What looked like 11 fringe players on the Derby trail went to the post and after the field had finished the 9 furlong journey, they still looked like fringe players.  General Quarters bounced back from a poor effort in the Tampa Bay Derby where he encountered some trouble along the way.  He is a versatile animal in that he has run well on conventional dirt and synthetics and seems to have developed some tactical speed.  He allowed Eibar Coa to put him just off the pace and that enabled him to capitalize when the other pacesetters faltered. 

Click here to watch the Blue Grass

Arkansas Derby:

The most significant question that had to be answered in the Arkansas Derby was whether Old Fashioned could relax in the early stages and get the distance of 9 furlongs.  He was taken straight to the front by Oaklawn riding champion Terry Thompson and he set fast fractions while free-wheeling up the backstretch.  When he was confronted at the top of the stretch by eventual winner Papa Clem the gray son of Unbridled’s Song dug in gamely and fought all the way to the wire.  Unfortunately, we’ve likely seen the last of Old Fashioned as he was injured during the Ark Derby and underwent surgery on Sunday.  As for the winner, Papa Clem is clearly a useful horse and it seems in the end that his trainer’s decision to send him to Oaklawn right after the Louisiana Derby to get acclimated was a great one.  He posted  fast final time but was clearly helped by a good trip behind the hot early pace.  He will likely be overbet in the Ky Derby a la Lawyer Ron and Gayego, recent Ark Derby winners. 

Click here to watch the Arkansas Derby

Jenny Wiley:

The highlight of the Blue Grass undercard was undoubtedly the $200,000 Jenny Wiley (G2) which featured the return of 2008 Breeders’ Cup Filly and Mare Turf champion Forever Together.  She failed to disappoint as even a glacial early pace couldn’t derail the fleet-footed gray mare.  She rocketed down the center of the turf course and made a clear statement that she is still at the top of her game and is the overwhelming leader of the division.  The performance of Rutherienne was quite encouraging as she fought on gamely and was narrowly defeated.  She would be best served by trainer Christophe Clement choosing a campaign that avoids Forever Together, at least until a potential date in November.

Click here to watch the Jenny Wiley

When sitting back and reflecting on the weekend, while dabbling in the Sunday Santa Anita card, it was easy to partake in a bit of California dreaming.  I’ve been quick to dismiss Pioneerof the Nile as a synthetic wonder-horse, however, even the harshest of critics would have to be a bit moved by the efforts of I Want Revenge and Papa Clem on conventional dirt.  Clearly the surface questions abound, and that puts bettors in a tough position as the ‘Pioneer may only have one spin over the CD oval prior to May 2.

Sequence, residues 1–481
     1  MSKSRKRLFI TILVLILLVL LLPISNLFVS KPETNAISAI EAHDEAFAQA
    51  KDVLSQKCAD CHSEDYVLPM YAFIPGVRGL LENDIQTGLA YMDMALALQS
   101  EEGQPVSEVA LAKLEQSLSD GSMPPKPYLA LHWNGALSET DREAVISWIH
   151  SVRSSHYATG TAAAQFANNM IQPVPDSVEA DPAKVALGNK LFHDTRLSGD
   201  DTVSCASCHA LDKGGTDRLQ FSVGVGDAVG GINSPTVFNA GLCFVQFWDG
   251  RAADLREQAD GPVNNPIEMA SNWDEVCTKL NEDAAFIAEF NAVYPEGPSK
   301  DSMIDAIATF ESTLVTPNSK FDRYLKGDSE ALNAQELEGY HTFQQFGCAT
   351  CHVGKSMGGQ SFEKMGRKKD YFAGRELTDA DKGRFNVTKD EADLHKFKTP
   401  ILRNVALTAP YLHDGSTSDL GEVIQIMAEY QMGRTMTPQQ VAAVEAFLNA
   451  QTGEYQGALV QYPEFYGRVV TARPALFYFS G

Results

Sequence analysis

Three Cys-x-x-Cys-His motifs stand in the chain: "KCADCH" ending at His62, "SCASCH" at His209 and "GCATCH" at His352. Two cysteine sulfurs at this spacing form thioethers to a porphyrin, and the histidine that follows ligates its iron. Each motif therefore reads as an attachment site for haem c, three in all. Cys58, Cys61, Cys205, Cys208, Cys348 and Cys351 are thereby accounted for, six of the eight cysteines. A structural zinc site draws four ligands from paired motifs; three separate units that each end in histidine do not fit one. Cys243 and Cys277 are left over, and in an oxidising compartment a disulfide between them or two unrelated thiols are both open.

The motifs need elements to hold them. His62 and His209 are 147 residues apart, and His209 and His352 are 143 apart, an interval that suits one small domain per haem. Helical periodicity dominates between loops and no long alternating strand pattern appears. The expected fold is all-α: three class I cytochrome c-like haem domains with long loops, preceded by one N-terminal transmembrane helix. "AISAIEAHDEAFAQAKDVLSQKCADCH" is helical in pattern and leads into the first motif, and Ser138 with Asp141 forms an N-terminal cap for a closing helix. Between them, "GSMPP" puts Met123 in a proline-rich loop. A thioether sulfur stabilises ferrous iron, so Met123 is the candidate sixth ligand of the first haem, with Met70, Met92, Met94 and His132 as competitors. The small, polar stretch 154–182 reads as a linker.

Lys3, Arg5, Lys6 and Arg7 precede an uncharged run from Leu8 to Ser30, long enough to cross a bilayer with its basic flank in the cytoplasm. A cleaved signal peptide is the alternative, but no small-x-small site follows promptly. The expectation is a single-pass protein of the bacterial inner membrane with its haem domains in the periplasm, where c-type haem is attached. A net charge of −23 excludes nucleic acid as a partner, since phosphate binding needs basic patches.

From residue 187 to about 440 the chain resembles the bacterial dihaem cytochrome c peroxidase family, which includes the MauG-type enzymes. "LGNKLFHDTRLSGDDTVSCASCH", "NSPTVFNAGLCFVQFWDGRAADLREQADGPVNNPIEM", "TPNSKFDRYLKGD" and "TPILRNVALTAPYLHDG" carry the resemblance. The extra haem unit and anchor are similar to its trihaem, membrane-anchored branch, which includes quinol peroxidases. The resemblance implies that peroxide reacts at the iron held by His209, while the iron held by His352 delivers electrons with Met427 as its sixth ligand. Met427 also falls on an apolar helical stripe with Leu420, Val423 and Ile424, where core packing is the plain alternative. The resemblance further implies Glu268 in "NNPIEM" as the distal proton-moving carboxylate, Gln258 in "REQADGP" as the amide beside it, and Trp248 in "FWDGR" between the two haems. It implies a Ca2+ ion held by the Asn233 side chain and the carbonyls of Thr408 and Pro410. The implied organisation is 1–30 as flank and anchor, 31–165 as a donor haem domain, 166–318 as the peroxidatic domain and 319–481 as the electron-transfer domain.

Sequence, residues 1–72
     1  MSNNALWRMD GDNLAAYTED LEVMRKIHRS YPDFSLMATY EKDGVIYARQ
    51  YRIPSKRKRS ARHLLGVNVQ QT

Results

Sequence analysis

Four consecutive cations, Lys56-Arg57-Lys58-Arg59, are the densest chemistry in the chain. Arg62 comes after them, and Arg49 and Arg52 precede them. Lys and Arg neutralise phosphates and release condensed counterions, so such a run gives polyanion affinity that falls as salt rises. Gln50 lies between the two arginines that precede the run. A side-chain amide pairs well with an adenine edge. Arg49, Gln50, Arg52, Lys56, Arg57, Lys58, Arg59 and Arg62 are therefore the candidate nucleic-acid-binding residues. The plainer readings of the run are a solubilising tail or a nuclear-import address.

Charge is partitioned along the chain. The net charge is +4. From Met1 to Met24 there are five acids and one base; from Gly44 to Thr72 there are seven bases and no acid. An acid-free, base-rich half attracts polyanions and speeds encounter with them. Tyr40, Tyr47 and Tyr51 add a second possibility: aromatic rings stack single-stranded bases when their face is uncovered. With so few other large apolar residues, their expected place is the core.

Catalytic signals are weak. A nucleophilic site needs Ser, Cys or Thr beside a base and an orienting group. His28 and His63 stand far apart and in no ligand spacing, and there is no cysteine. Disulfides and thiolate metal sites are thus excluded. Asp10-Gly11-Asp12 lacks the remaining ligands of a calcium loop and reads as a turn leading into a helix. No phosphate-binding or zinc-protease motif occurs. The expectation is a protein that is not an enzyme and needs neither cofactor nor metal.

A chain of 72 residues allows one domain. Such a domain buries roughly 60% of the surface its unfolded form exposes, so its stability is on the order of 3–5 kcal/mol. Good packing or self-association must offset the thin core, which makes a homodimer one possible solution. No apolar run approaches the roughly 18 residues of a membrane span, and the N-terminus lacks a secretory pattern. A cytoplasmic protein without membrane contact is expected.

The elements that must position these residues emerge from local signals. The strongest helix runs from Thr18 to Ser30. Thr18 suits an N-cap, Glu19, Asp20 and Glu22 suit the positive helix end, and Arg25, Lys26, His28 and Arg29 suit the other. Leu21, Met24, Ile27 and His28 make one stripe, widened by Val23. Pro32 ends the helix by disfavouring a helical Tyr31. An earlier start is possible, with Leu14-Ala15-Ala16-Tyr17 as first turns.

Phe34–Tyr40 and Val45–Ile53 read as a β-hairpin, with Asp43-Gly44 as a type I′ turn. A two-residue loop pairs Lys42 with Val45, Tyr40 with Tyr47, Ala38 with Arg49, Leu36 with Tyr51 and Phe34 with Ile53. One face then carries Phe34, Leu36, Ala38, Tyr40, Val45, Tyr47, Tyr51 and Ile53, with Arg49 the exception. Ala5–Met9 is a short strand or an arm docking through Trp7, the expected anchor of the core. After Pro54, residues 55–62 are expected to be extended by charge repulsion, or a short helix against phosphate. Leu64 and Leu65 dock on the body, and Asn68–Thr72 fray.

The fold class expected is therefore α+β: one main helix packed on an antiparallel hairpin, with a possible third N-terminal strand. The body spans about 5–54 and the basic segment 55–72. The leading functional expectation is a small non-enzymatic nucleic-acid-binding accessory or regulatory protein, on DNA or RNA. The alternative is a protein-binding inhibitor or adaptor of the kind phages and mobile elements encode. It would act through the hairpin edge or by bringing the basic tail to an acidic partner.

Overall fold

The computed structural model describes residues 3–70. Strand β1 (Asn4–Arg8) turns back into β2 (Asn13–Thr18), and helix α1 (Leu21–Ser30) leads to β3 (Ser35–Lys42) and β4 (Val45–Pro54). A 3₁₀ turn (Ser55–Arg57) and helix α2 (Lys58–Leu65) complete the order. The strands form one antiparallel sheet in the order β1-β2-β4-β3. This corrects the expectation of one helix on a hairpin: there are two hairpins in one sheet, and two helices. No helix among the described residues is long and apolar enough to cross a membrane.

We’ll know more a week from now regarding whether Dunkirk will get into the Derby and his chances at the moment look strong.  There will be a few announcements this week regarding who’s in and who’s out but if I had to bet on it, Dunkirk is likely in the gate.

I’ll be back Tuesday to preview what looks like it might be a rain-free week in NY that should feature uninterrupted turf racing.  That plus the Lexington, Bed O’ Roses, and the Charles Town Classic will highlight next weekend’s racing.

Commentator is expected to make his 2009 debut in the Charles Town Classic, so let’s take a look at his greatest performance:

See you Tuesday!

Weekend Stakes: Will a Contender Stand Up?

April 11, 2009

Heading into last Saturday it was easy to be certain that I Want Revenge was going to run a solid race in the Wood Memorial.  It seemed safe to assume Pioneerof the Nile would be in the mix in the Santa Anita Derby.  It might not have been as clear that Musket Man would win the Illinois Derby, but it was quite conceivable.  That was then and this is now.

The two major Derby preps this weekend, the $750,000 Toyota Blue Grass (G1) and the #1,000,000 (G2) feature bulky fields.  However, there seem to be few serious Derby contenders in either of those headliners.  Old Fashioned will have to erase the bad memories of a subpar stretch run in the Rebel Stakes last time out when Win Willy ran right by him at 55-1.  Win Willy will have to prove that he is not a one-hit wonder who capitalized on an incredible pace setup and belongs in the Kentucky Derby rather than the Lone Star or Iowa Derbies.  Papa Clem will have to find a way to hang around a bit when confronted as he had no answer for Friesan Fire in the Lousiana Derby after setting very slow fractions.  Any of those three have proven they’re capable of winning a race like this while the balance of the field will have to move forward in a big way.